Push to ban non-composting bags on Kangaroo Island

BAG BAN: KI mayor Peter Clements brought along one of the BioBags to show Eco-Action Kangaroo Island group members Tony Geyer, Venetia Bolwell, Bob Huxtable, Jack Dunstan, Jenny Grinter and Pip Masters.

BAG BAN: KI mayor Peter Clements brought along one of the BioBags to show Eco-Action Kangaroo Island group members Tony Geyer, Venetia Bolwell, Bob Huxtable, Jack Dunstan, Jenny Grinter and Pip Masters.

There is a renewed push to ban non-composting plastic bags on Kangaroo Island.

Initiating the latest campaign is BioBag - an Adelaide based brand of compostable bags.

Company director Scott Morton wants Kangaroo Island to go plastic bag free and has been contacting local community leaders to see if they will support the use of BioBags on the Island, instead of traditional plastic carry bags. 

“Our aim is to create a movement towards a plastic free Kangaroo Island,” Mr Morrison said.

“This challenge could be broken down into practical phases like replacing plastic shopping bags with compostable 'Go Green’ carry bags and compostable produce bags in local supermarkets.

“These are made from totally renewable, organic materials, which break down within about five weeks in a composting environment. 

"The ‘Go Green' bags are new to Australia from Europe where the technology is being developed constantly to improve their look, feel and strength. The new carry bag is stronger than traditional compostable bags and able to hold two containers of milk. They are soon to be produced in a factory in Adelaide by BioBag.

"Ideally we would like your two local supermarkets, Drakes and IGA, to stock compostable BioBags instead of the polyethylene bags they offer locals as carry bags and fruit/vegetable produce bags, as a whole of supermarket solution.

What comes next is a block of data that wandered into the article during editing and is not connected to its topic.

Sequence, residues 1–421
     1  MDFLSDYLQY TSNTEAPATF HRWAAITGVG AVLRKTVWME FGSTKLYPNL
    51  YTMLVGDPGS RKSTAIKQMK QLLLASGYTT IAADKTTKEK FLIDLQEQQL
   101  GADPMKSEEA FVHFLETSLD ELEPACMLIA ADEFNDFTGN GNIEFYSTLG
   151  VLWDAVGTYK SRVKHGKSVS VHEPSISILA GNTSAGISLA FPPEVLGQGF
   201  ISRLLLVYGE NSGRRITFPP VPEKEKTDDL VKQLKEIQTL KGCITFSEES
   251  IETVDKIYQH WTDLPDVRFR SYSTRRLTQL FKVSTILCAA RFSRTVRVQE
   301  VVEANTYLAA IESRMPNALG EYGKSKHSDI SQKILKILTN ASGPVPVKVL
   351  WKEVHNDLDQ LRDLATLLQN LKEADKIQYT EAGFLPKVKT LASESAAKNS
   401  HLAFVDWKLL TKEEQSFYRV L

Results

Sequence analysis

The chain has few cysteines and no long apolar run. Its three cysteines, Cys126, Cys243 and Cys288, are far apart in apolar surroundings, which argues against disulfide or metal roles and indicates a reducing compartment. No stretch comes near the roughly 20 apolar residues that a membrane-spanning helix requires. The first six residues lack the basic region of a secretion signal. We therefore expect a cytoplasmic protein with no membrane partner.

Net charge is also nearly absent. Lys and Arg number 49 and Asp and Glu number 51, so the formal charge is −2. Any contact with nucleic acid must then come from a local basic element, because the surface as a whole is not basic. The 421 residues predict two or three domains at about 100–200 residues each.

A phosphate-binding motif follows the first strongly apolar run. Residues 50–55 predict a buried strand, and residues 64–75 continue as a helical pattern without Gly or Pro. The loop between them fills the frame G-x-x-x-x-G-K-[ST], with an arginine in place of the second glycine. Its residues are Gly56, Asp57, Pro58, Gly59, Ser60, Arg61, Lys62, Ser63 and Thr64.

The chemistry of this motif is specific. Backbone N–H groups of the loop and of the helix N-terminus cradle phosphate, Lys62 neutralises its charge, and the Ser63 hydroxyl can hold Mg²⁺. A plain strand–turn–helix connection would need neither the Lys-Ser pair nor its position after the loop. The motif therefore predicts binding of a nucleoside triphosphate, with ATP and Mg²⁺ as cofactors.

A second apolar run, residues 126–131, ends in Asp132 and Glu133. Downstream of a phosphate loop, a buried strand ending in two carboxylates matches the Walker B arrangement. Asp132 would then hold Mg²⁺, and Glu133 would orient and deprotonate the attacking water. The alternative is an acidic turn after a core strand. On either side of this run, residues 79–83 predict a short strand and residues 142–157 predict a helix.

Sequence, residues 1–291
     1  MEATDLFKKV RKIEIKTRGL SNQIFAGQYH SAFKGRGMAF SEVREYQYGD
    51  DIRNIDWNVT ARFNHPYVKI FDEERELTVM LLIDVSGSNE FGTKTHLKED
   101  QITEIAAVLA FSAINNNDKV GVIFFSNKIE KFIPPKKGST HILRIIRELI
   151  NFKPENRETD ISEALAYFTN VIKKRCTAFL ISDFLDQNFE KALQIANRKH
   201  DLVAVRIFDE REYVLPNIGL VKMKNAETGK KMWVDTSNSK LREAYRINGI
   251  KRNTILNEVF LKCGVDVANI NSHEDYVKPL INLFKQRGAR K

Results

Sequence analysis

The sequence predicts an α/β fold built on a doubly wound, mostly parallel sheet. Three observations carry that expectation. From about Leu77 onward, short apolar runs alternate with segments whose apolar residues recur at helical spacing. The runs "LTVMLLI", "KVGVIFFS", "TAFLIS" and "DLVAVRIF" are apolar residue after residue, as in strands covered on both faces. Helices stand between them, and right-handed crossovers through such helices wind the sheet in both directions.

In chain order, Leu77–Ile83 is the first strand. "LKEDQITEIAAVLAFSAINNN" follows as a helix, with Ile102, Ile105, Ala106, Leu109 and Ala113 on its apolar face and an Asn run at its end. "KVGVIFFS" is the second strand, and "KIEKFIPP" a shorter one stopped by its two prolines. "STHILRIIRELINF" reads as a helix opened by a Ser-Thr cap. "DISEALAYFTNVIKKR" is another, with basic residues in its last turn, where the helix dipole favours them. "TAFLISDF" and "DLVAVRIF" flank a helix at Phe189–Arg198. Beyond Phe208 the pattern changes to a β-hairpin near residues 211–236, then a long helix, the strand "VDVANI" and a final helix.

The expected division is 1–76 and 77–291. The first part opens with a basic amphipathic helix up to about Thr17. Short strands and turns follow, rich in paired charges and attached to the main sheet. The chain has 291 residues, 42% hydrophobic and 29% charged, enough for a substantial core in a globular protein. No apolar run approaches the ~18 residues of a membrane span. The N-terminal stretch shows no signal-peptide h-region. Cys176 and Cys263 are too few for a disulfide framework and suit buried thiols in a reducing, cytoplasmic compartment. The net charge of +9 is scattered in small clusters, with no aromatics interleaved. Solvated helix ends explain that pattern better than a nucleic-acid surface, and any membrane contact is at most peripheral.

“The bags can be reused at home to line compost caddies and put into the compost with other organic matter, which is the best end of life option for any bag because it reduces greenhouse gas emissions and sequesters carbon back into the earth.

"Support from the Kangaroo Island community would encourage the supermarkets to choose compostable instead of plastic.

“We believe if we can garner enough community support we could make some meaningful changes to preserve your local environment and position the Island as a leader in sustainable communities. Not to mention saving ratepayers and council large amounts of money transporting waste from the Island.”

Bob Huxtable from the Eco-Action Kangaroo Island group and his members are already supportive of the concept and he is discussing the idea of removing plastic bags from the island with mayor Peter Clements and councillor Pip Masters.

And KICE school’s sustainability committee coordinator is looking at a Plastic Free KI campaign in Term 2. The school has just received some BioBags to experiment with in their compost bin.

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